SMF: What advice would you tell yourself if you could go back? 

MS: [Pause] That’s a really good question, I’ve never heard that question before…looking back at what we’ve done, I wouldn’t really change anything that we’ve done. Obviously I would fill myself in on some things that took me a little while to learn, but most decisions we’ve made I’m comfortable with, from our purchases of vehicles, to where we tour, to how we’ve built our live show. I don’t think I would change anything we’ve done, obviously we could have done it quicker had I had the knowledge I do now, so I’d want to sit down and have, like, a two hour conversation with myself.

SMF: What were you doing before Super Bob? 

MS: Not much, really, we’ve been doing this for about ten years now. Before that I wasn’t doing anything, I didn’t have money, aspirations, or goals, so that’s been our focus for the last decade.

SMF: What is it that you like most and least about what you do? 

MS: Least, the driving, we’re on the road and we play about two-hundred and thirty days out of the year. What I like the most about it is absolute freedom, we’re our own bosses, nobody tells us what to do and it’s really nice.

SMF: How was it shooting recent videos like “Killer” 

MS: Video’s are fun, with the video for “Superfly” the girl that’s in it used to own a club we played in at Winchester. We got her to do the video and to bring her bartenders with her, so that was pretty easy, and we shot it in Winchester, Virginia. The video for “Freak” was shot in Savanna, Georgia and the girl in that video was my girlfriend at the time. And the “Killer” video, we also shot in Savanna at a water reclamation plant, so that was interesting.

SMF: We’ve been wanting to go to Savanna. 

MS: Really, it’s so nice!

SMF: I’ve heard that it’s really pretty. 

MS: It is really pretty!

Olyvia Kirk: I’ve been there once. 

SMF: I lived in Georgia for a while and never even went. 

MS: I lived there for a couple of months, and it was really nice, it’s a really cool town.

SMF: So, this is the album release tour, how has this album been different from other’s you’ve released so far? 

MS: This is album release, it’s been out for about two months now, but it’s our best album yet. We really found our sound in our last album with some dub-step stuff, and electronics, and on the new record we wanted to continue with that sound but go back over it lyrically a bit more aggressively, maybe a little bit more like how rock should be.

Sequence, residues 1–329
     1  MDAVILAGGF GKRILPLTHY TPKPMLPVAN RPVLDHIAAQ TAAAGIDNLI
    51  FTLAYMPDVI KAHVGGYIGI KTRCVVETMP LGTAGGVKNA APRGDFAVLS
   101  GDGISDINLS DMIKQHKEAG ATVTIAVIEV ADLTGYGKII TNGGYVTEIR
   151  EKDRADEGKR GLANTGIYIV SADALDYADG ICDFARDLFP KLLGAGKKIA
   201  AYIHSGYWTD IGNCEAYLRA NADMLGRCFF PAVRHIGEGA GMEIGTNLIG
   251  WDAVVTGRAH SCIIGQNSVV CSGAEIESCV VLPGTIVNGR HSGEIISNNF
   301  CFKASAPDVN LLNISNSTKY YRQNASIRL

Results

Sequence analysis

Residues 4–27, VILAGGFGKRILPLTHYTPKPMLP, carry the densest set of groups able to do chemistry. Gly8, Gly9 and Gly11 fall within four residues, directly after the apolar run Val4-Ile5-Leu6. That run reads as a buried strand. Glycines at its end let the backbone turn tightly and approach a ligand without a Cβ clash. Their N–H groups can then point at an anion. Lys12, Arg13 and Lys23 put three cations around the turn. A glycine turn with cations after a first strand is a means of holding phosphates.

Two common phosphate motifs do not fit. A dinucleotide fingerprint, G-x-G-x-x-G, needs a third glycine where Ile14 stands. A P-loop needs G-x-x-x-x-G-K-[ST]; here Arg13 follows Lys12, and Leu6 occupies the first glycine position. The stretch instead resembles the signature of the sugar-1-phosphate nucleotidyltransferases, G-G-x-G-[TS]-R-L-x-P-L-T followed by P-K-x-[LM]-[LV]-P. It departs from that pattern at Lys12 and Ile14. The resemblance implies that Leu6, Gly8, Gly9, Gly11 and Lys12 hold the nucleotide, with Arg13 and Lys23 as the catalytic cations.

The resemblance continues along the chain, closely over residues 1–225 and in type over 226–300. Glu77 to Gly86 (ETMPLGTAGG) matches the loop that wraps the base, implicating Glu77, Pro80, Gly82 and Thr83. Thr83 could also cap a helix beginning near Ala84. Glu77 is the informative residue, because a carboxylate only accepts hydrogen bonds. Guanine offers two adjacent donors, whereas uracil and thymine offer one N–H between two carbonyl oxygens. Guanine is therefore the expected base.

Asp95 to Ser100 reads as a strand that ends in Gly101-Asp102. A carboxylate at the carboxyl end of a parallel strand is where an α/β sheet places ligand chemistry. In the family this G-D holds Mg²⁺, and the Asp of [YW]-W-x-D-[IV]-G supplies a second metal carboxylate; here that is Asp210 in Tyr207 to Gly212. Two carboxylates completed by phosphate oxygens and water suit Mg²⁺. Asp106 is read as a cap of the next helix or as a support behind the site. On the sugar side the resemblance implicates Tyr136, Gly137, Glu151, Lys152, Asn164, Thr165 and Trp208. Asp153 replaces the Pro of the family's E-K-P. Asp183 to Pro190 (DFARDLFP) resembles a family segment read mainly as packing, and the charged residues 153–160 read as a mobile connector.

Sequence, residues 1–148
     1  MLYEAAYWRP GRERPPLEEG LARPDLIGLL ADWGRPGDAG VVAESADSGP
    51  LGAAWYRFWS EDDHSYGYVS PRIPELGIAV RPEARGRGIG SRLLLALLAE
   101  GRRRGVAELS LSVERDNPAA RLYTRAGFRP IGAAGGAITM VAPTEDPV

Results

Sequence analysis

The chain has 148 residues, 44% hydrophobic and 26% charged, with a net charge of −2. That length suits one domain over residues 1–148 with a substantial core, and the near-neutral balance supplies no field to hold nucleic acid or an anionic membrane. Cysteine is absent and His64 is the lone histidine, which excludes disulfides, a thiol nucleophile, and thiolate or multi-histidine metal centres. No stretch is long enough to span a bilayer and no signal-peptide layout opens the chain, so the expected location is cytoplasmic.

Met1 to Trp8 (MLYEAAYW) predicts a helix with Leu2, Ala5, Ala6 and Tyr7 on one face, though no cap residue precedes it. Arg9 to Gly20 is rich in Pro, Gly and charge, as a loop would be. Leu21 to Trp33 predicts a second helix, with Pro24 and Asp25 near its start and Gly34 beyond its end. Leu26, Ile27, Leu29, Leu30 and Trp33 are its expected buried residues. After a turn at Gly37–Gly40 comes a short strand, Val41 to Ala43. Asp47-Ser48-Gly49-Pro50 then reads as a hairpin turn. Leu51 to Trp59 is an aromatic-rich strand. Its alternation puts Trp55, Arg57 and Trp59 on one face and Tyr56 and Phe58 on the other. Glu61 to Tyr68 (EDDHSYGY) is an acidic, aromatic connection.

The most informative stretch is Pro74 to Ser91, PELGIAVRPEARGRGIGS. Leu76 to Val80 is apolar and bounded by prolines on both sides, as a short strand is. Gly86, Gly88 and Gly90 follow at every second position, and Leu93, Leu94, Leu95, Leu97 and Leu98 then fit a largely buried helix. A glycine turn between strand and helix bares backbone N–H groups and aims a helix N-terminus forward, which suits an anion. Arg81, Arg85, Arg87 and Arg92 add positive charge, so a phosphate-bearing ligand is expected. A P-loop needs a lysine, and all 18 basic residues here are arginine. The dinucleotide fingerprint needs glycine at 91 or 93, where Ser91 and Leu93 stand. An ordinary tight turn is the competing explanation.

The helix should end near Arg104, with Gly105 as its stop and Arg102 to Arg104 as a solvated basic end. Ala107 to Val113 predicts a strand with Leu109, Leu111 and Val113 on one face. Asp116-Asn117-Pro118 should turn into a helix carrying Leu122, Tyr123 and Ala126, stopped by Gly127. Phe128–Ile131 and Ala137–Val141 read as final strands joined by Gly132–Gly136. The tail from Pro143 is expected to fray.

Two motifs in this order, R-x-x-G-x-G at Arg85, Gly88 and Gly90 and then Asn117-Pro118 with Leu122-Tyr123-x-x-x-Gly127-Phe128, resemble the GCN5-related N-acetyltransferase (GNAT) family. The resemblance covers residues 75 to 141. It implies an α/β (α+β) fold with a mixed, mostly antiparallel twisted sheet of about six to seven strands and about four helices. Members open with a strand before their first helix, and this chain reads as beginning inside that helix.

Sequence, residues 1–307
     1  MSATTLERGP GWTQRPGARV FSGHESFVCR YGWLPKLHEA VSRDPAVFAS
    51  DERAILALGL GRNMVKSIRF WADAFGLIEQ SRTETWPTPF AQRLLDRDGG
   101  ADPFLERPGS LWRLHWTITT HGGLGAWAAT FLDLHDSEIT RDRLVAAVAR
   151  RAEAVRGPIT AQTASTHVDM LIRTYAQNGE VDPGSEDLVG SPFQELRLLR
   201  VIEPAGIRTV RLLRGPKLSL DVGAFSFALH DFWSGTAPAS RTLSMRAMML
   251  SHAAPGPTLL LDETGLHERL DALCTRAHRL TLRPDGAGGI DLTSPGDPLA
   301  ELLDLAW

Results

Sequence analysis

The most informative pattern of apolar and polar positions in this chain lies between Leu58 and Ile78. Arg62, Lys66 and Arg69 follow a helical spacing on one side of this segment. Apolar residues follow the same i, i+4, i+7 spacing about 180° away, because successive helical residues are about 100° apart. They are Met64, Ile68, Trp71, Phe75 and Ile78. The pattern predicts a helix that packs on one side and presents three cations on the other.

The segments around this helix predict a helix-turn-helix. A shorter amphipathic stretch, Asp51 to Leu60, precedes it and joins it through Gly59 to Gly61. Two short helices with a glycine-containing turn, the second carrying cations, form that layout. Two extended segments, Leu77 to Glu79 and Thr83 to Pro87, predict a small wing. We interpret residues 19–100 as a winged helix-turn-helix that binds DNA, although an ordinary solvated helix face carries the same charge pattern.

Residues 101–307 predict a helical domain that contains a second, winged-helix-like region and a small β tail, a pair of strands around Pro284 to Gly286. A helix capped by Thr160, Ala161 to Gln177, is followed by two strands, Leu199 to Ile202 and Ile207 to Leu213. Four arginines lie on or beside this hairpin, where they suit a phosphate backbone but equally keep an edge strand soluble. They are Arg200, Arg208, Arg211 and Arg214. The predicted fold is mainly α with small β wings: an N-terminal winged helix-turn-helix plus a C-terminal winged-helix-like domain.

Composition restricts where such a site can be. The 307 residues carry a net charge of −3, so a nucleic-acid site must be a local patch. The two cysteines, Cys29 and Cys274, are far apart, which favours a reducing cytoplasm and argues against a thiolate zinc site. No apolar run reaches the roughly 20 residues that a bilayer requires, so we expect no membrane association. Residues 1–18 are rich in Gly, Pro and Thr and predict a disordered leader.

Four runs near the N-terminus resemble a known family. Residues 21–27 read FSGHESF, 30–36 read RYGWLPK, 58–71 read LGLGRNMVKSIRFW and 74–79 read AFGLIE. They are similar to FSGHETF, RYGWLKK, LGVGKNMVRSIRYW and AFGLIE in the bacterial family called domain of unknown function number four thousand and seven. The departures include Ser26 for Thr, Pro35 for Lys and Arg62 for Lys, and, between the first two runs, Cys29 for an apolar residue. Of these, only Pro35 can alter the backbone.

When interviewing the previously featured band, Loose Ends, I found out that Steels would be playing along side them at The High Note. And, with no set-in-stone plans for my birthday, I figured why not spend it doing what I love with such an incredibly talented group such as Steels. To put into words how much I admire the blues rock sound of Steels would be nearly impossible, but in an attempt to do so, I’ll simply say I have been listening to their EP “On the Other Side” non stop since receiving that as part of a birthday gift from the band. Steels holds some of the greatest potential that I’ve seen coming from Alabama, and I can’t begin to imagine how amazing their full length, with an undecided release date, will be. Through working with musicians, you run into many “interesting” personalities, but each individual of the band was nothing less than kind and open throughout their time with us, and I sincerely hope SMF Live will continue to work with Steels as their undeniable path to the top continues.


SMF Live: What were you guys doing prior to Steels, and how did you all come together? 

Justin West (Bass): It’s kind of a crazy story, me and Scooter were playing in a three-piece band with Bradley Williams, and we were playing until Bradley decided he was going to move to Ohio, settle down, and do a 9-5 job. We stopped playing until Scooter hit Chad up, and Chad was in Atlanta, but he just started coming out here.

D Charles “Chad” Robinson (Vocals/Guitar): They had studio time booked with the guy that had recorded my first band, so Scooter asked me if I wanted to come sing on the EP, and I went to Tuscaloosa one time, and that was it. We tried to make it work with me living in Georgia, but it just wasn’t happening, so last January I moved out here. Brett had all ready joined the band, Scooter was still playing with us but it didn’t really work out, so we asked him to be our manager. We got Gunner and that’s when things really began to come together last October.

SMF: How has your sound evolved over time with changing members of the band? 

Brett Mitchell (Guitar): It’s constantly evolving.

JW: I think everyone has a different perspective on it too, when the band started as a three-piece it was a lot more soul and slowed down, then we sped it up and began to write riffs over it.